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Katharine Hepburn | biography | clip | relationships | pictures best movies | quotes

Brief biography

American actress and leading lady in Hollywood for more than 60 years Katharine Houghton Hepburn (May 12, 1907 – June 29, 2003)Katharine Hepburn (May 12, 1907 - June 29, 2003), ranked #1 female movie star legend in the history of American cinema by AFI, was born in Hartford, Connecticut, the second of six children of a surgeon and urologist at Hartford Hospital, and a feminist campaigner. Both always encouraged her to speak her mind, develop it fully, and exercise her body to its full potential. She did attend Bryn Mawr College, where she decided to become an actress, appearing in many of their productions. After graduating, she began getting small roles in plays on Broadway and elsewhere. She always attracted attention, especially for her role in "Art and Mrs. Bottle" (1931). The inevitable film offers followed; after make a few screen tests, she was cast in A Bill of Divorcement (1932), opposite John Barrymore. The film was a hit, and after agreeing to her salary demands, RKO signed her to a contract. She made five films between 1932 and 1934. For her third, Morning Glory (1933), she won her first Academy Award. From the period 1935 - 1938, she had only two hits: Alice Adams (1935), which brought her her second Oscar nomination, and Stage Door (1937). The film version of The Philadelphia Story (1940), was a box-office hit, and Hepburn, who won her third Oscar nomination for the film, was bankable again. For her next film, Woman of the Year (1942), she was paired with Spencer Tracy, and the chemistry between them lasted for eight more films, spanning the course of 25 years, and a romance that lasted that long off-screen. With The African Queen (1951), Hepburn moved into middle-aged spinster roles, receiving her fifth Oscar nomination for the film while garnering Humphrey Bogart his only Academy Award for Best Actor. She played more of these types of roles throughout the 50s, and won more Oscar nominations for many of them, including her roles in Summertime (1955), The Rainmaker (1956) and Suddenly, Last Summer (1959). On Golden Pond (1981), with Henry Fonda brought her her twelfth Oscar nomination and fourth win. With her health declining she retired from public life in the mid-nineties. She died at 96 at her home in Old Saybrook, Connecticut.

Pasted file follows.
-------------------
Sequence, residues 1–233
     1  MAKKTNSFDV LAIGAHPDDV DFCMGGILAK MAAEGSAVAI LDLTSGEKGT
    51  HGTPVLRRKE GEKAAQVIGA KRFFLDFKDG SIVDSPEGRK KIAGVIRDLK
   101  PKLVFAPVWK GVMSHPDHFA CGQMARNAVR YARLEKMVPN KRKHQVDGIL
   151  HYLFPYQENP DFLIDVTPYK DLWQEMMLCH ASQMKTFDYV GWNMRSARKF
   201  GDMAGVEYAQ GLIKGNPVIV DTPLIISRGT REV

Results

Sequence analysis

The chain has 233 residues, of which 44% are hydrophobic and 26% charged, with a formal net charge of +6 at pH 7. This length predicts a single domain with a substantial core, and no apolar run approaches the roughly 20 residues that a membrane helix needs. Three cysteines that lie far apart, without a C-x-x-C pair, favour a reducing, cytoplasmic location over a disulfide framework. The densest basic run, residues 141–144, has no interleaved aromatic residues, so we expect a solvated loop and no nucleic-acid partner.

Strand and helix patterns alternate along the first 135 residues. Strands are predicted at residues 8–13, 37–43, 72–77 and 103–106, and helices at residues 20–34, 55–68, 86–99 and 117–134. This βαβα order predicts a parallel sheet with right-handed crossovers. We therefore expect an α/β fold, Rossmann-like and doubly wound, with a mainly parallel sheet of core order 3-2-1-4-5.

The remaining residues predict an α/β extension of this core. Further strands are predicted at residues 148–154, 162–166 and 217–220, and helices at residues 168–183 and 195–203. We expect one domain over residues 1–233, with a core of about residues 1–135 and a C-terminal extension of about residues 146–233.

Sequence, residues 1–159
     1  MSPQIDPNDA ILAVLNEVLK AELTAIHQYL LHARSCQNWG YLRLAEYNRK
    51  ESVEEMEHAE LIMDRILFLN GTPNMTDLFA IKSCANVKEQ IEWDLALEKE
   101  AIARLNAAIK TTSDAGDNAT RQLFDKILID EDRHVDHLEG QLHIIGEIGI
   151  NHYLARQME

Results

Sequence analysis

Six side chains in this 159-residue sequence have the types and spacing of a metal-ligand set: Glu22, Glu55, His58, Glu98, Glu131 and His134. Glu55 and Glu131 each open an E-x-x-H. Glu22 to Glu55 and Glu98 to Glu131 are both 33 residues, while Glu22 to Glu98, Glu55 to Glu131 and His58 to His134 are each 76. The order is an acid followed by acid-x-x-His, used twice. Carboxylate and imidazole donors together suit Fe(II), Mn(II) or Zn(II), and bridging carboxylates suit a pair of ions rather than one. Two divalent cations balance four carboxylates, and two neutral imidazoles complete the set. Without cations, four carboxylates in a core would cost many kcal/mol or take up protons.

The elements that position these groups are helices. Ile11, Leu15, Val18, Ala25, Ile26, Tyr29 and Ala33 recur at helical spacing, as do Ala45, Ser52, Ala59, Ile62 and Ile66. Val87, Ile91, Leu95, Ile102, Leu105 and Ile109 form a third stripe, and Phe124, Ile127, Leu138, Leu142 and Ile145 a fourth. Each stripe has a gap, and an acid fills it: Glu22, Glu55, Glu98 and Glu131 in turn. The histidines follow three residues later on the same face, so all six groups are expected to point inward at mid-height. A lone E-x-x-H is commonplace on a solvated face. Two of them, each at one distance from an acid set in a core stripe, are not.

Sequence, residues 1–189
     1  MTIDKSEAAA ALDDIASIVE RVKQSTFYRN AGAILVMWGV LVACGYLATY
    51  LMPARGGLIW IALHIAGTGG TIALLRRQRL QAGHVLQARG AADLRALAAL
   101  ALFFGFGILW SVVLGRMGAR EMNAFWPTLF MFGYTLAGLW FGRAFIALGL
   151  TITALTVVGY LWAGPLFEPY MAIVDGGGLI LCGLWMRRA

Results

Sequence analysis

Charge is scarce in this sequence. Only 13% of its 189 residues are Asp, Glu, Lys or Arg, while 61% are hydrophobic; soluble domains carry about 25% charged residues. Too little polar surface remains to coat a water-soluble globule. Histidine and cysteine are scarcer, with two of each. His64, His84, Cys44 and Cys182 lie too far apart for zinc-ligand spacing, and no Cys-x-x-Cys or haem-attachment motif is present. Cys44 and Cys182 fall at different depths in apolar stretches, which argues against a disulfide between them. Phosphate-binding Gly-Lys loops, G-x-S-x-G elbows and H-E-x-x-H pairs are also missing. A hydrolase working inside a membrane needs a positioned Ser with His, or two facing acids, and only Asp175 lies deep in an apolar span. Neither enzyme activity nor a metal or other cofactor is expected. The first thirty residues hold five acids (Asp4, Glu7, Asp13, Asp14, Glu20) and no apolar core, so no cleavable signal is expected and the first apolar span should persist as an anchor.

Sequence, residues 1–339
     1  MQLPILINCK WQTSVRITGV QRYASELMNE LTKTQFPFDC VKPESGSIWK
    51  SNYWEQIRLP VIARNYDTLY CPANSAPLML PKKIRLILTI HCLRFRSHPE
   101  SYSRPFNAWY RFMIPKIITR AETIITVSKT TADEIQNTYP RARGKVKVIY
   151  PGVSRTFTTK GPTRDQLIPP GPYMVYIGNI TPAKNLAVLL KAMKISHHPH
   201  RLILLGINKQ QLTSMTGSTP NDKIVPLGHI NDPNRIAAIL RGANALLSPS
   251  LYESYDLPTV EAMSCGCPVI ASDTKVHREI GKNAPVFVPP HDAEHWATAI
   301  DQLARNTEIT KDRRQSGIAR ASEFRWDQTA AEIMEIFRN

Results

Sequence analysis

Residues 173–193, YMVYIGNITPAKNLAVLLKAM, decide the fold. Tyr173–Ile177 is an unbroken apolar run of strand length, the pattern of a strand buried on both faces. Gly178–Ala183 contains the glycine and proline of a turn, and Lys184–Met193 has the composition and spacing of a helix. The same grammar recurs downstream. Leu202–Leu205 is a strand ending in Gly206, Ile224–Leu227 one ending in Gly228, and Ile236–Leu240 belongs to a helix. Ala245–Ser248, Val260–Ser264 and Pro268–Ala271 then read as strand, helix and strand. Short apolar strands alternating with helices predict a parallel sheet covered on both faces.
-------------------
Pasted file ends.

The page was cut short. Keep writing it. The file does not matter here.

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Filmography


1932 "A Bill of Divorcement" as Sidney Fairfield
1933 "Little Women" as Josephine "Jo" March
1933 "Morning Glory" as Eva Lovelace
1933 "Christopher Strong" as Lady Cynthia Darrington
1934 "The Little Minister" as Babbie
1934 "Spitfire" as Trigger Hicks
1935 "Sylvia Scarlett" as Sylvia Scarlett
1935 "Alice Adams" as Alice Adams
1935 "Break of Hearts" as Constance Dane
1936 "A Woman Rebels" as Pamela Thislewaite
1936 "Mary of Scotland" as Mary Stuart
1937 "Stage Door" as Terry Randall
1937 "Quality Street" as Phoebe Throssel
1938 "Holiday" as Linda Seton
1938 "Bringing Up Baby" as Susan Vance
1940 "The Philadelphia Story" as Tracy Lord
1942 "Keeper of the Flame" as Christine Forrest
1942 "Woman of the Year" as Tess Harding
1943 "Stage Door Canteen" as Katharine Hepburn
1944 "Dragon Seed" as Jade
1945 "Without Love" as Jamie Rowan
1946 "Undercurrent" as Ann Hamilton
1947 "Song of Love" as Clara Wieck Schumann
1947 "The Sea of Grass" as Lutie Cameron
1948 "State of the Union" as Mary Matthews
1949 "Adam's Rib" as Amanda Bonner
1951 "The African Queen" as Rose Sayer
1952 "Pat and Mike" as Patricia "Pat" Pemberton
1955 "Summertime" as Jane Hudson
1956 "The Iron Petticoat" as Vinka Kovelenko